President Snow (Donald Sutherland) recognizes that after having saved herself and Peeta in the Games Katniss has given inspiration and hope to some of the Districts and he senses rebellion. Snow sees her as a threat and wants her to die as quickly as possible so he, along with the new Head Gamemaker (Philip Seymour Hoffman), does something never before done: For the 75th Hunger Games – the Quarter Quell – all the Tributes must be made up of survivors from all the years past. Since Katniss is the only female survivor from her District, this ensures she will have to once more fight to the death.
Terrified but determined, both Katniss and Peeta re-team with their old mentor Haymitch (Woody Harrelson) and their escort Effie Trinket (Elizabeth Banks) to prepare for the competition. Haymitch warns the two young Tributes to forget everything they learned for the last Games because these Games will be very different in that this time around they’ll be going up against seasoned killers.
Compelling and exciting, The Hunger Games: Catching Fire is a superior sequel with strong performances and first-rate special effects. Most of the main cast is back and it’s evident that everyone is more comfortable with their roles this time out. Elizabeth Banks is superb as Effie, the escort and fashion ‘Cher’ of this world. She plays the role to the very hilt with all the style and flare she conveyed in the first film but there is something more this time…something deeper as she shows true guilt and real sadness for her two Tributes. Effie knows what’s happening to Katniss and Peeta is wrong and wishes these Games were not going to take place.
Josh Hutcherson delivers a stand-out performance returning as Peeta the baker boy who owes his life to Katniss and wishes she would take his love seriously. He’s always ready to sacrifice himself for her and seems to know a bit more than he’s sharing with Katniss about what’s going on behind the scenes with the Games. Hutcherson has made this role his own and has real chemistry with Jennifer Lawrence as Katniss. Lawrence is still the focus of the film as its heroine Katniss and still conveys fear and horror wonderfully. The scene where she believes Peeta to be dead after an incident during the Games is powerful, with her pleading and yelling at his motionless body, “Peeta, please wake up please!,” conveying a deeper connection and emotion between the two young Tributes than she is aware of.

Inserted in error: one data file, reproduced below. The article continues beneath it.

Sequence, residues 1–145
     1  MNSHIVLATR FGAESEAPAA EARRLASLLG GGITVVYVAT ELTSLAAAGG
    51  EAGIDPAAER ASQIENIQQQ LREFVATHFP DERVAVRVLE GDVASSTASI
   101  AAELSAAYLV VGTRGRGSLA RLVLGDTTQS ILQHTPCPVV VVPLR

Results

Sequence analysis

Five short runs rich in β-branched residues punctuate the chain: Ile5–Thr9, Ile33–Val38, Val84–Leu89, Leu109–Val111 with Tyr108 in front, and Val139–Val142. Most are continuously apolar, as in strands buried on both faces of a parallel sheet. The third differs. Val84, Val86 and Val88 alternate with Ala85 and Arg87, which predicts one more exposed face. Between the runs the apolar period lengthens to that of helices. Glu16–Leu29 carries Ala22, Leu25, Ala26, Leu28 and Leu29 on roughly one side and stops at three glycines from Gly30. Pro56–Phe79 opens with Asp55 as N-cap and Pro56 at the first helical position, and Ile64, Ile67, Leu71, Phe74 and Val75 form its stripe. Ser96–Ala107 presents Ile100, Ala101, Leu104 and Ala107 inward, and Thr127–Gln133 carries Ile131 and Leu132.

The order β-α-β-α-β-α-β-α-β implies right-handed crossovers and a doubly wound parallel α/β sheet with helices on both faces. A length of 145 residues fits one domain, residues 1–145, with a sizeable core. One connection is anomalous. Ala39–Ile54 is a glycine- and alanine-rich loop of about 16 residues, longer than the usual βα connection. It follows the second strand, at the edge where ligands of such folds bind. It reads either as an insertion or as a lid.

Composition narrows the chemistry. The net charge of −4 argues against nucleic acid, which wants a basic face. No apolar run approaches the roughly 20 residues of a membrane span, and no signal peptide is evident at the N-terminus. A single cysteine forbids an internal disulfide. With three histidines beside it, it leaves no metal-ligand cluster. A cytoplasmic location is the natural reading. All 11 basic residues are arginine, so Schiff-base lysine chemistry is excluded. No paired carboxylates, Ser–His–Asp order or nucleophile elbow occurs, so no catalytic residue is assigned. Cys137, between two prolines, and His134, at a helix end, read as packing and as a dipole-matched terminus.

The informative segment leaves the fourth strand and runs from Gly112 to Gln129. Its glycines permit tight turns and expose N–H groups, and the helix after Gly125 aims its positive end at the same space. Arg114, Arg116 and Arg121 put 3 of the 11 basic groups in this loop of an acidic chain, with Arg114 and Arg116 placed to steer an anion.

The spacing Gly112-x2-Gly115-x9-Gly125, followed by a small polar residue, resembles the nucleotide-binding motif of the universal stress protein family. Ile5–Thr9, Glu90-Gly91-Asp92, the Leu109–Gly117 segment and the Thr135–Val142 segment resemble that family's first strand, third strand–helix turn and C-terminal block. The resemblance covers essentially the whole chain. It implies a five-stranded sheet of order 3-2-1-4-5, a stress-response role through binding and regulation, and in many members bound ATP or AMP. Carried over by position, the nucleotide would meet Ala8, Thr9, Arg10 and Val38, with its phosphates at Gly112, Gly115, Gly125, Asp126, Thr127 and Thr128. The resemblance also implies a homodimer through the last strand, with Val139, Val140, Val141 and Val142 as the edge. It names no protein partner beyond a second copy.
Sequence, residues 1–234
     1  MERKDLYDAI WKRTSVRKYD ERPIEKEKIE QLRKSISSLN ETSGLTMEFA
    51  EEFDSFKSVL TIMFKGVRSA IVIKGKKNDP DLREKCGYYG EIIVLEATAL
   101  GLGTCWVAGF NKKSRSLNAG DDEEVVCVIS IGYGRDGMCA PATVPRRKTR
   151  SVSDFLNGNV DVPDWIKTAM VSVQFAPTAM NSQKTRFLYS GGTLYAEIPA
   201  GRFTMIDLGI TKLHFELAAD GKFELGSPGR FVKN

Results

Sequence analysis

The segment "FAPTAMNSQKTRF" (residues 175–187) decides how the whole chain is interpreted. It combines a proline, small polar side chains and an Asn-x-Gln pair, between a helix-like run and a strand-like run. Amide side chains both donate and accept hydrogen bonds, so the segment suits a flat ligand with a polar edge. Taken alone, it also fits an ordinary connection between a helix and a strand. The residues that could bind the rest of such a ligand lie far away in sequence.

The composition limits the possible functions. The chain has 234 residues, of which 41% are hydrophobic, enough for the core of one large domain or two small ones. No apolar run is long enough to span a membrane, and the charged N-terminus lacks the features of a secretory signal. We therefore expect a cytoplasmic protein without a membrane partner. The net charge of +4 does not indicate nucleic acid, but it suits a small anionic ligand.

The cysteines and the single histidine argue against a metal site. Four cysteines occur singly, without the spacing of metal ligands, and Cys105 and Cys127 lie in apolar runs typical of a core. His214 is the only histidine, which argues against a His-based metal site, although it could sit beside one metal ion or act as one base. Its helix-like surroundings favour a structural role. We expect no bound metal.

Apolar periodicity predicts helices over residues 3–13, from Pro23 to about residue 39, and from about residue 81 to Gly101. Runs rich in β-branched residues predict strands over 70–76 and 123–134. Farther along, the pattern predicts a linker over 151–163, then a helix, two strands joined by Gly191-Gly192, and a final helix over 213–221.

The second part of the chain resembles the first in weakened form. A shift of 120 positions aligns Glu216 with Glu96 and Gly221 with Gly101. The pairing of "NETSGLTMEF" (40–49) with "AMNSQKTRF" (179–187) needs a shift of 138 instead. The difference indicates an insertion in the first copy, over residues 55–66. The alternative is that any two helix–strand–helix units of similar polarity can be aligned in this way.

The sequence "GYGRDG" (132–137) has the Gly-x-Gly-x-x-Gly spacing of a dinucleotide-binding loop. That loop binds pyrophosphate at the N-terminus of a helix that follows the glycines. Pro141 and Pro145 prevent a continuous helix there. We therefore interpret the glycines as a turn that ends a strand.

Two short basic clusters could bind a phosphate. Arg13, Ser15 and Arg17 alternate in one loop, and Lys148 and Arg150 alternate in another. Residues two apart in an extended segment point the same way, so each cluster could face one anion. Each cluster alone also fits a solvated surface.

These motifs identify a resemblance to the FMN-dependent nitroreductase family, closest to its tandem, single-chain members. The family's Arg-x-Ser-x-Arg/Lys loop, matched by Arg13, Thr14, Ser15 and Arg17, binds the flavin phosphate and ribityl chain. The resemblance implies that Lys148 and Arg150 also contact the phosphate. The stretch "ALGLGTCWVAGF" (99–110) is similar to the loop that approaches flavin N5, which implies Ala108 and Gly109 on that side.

Woody Harrelson is back and still great as Haymitch, Peeta and Katniss’ mentor who’s also somewhat out of his depth with these new Games and the concept of bringing back survivors from other years to do battle to the death with each other. He brings a much needed comic relief to the dark subject matter as well as a touch of drama when he promises Katniss he’ll do what he can to save her and Peeta.
The production design of the film is a big improvement over the first, with the scenes in the Capitol and the new Games battle arena easily elevating the second Hunger Games over the first. The special effects are extremely impressive, with highlights being a scene showing Katniss and Peeta seeming to be on fire riding a chariot during the celebration of the event as well as a terrific segment featuring a creepy fog that covers most of the battle arena during part of the Games.
Strongly directed by Francis Lawrence, the action scenes are much better this time around, benefiting by not having the chaotic jumble of the camera that made it hard to follow the action in the first film. The only drawback is in the pacing of the first 50 minutes which is slow and takes too long to get started.
Overall, The Hunger Games: Catching Fire is a sequel that outshines and outdoes its predecessor in every way. Here’s hoping this is not the high point of the film series and the best installment of the franchise is still yet to come.
The Hunger Games: Catching Fire opens in theaters on November 22, 2013 and is rated PG-13 for intense sequences of violence and action, some frightening images, thematic elements, a suggestive situation and language.
– By Kevin Finnerty
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